Diabetic Tattoo Monitors Blood Glucose

20 Jan

Any diabetic will tell you that checking blood glucose readings is a real pain in the finger. Multiple daily “sticks” with a lancet and forcing a drop of blood onto a test strip connected to a blood glucose meter is to say the least, not appealing. It also can be difficult for some patients to perform and the cost of the test strips can become very expensive.

As a result, some diabetics don’t monitor their blood glucose levels as often as they should. Unfortunately, their diabetes healthcare professionals absolutely rely on this method to make sure blood glucose levels of the patient are within normal range.

diabetes tattoo

For these reasons, scientists have spent years searching for a pain-free way for patients to measure their blood glucose levels. Recently, nanoengineers at the University of California, San Diego, developed a temporary tattoo which just may do the trick. The tattoo holds a flexible, highly sensitive glucose sensor which uses a mild electrical current to measure blood glucose levels. The tattoo is painless, as it simply contains electrodes printed on thin, disposable tattoo paper.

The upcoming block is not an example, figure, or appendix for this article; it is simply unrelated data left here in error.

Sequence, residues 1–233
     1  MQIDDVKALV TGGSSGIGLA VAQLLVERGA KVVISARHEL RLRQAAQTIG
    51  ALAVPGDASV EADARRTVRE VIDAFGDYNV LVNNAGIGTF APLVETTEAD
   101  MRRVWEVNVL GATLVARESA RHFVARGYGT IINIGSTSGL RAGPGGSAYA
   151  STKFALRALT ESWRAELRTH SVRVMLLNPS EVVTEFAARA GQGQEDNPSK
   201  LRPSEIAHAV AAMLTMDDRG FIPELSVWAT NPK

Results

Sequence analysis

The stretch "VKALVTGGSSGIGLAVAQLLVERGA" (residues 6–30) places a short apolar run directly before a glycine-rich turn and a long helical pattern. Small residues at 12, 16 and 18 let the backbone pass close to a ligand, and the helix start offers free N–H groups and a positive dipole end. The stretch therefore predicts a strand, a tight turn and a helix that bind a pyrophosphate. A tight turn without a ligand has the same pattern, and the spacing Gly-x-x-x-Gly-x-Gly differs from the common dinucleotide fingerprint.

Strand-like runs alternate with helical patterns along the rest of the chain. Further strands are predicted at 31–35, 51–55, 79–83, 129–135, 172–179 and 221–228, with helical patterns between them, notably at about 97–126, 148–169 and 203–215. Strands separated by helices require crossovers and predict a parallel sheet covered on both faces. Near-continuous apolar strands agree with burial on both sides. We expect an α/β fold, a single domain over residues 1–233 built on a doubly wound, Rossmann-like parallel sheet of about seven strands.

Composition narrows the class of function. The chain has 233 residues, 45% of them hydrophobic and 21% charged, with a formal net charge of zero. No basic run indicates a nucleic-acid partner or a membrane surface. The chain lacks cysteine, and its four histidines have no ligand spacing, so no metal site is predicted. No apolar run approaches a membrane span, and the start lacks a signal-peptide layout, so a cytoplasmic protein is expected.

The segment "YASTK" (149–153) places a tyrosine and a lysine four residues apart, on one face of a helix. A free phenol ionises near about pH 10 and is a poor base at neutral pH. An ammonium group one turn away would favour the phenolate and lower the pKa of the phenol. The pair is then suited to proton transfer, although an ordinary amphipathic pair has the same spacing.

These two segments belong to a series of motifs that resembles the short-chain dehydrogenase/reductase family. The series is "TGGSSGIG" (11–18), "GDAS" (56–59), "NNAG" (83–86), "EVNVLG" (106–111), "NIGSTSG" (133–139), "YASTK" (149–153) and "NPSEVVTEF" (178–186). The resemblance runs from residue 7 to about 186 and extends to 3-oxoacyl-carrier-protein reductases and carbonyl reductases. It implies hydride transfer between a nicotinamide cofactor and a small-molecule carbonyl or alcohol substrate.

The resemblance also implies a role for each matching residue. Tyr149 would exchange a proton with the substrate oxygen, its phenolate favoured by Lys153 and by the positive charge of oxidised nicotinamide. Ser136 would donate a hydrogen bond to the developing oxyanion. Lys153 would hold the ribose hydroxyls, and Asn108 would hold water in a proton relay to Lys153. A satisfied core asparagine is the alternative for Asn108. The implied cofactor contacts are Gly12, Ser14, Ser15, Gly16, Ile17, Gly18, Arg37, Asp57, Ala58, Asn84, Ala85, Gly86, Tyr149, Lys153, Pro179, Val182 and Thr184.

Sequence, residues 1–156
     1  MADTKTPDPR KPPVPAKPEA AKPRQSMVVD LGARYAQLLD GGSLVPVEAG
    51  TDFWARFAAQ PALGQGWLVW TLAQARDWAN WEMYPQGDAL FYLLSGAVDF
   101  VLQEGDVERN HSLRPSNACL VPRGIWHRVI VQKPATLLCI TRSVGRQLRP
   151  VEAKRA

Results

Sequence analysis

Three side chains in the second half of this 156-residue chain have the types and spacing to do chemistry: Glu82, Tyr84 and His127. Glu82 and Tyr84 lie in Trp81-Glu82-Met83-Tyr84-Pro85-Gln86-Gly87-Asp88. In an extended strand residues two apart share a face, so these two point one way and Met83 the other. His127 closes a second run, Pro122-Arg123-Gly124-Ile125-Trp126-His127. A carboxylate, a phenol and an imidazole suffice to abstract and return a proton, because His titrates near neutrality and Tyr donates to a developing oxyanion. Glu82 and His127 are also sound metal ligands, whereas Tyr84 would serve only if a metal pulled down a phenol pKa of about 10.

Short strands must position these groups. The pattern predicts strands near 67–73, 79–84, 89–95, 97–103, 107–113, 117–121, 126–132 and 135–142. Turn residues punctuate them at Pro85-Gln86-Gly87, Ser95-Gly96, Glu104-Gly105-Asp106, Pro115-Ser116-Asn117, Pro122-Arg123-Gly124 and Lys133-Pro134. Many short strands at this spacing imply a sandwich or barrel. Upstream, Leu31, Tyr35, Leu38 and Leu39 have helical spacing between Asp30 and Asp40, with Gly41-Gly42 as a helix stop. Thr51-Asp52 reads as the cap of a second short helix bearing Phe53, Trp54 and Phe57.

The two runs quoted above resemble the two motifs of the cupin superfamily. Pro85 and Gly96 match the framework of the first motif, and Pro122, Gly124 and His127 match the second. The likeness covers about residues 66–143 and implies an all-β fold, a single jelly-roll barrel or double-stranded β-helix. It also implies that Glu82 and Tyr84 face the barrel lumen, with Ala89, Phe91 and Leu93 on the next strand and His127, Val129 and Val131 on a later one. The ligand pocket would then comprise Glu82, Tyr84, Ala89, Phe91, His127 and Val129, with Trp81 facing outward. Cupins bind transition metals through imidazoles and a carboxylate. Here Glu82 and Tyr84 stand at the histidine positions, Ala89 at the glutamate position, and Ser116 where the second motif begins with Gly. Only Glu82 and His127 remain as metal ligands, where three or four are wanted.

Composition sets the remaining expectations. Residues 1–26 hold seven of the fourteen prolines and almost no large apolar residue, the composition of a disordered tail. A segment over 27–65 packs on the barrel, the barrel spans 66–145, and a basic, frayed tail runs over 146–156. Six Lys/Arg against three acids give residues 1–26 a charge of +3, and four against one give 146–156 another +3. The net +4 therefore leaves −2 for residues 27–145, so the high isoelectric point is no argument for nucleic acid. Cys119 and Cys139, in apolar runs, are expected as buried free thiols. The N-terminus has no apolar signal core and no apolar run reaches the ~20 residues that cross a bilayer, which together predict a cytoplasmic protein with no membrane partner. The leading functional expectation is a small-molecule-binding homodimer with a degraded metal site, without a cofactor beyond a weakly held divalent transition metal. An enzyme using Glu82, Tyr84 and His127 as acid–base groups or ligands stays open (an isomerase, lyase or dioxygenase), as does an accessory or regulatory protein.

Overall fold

The concept of a wearable blood glucose sensor is not new, however. In 2002, a similar device was marketed, called GlucoWatch. But the device was discontinued because it caused skin irritation in some patients, a reaction to the strength of the electrical current. But the UC San Diego sensor avoids this problem by using a lower electrical current to measure the glucose. None of the test subjects reported any discomfort while using the device.

“Presently the tattoo sensor can easily survive for a day,” says Amay Bandodkar, a graduate student researcher at UC San Diego. “These are extremely inexpensive—a few cents—and hence can be replaced without much financial burden on the patient.”

The diabetic tattoo was tested at UC San Diego and measured blood glucose levels in healthy patients as accurately as a blood glucose meter. The tattoo’s development is only a few steps away from providing the numerical values of glucose levels which diabetic patients and healthcare professionals are familiar with. This is a very promising step forward in noninvasive glucose testing for those with diabetes.

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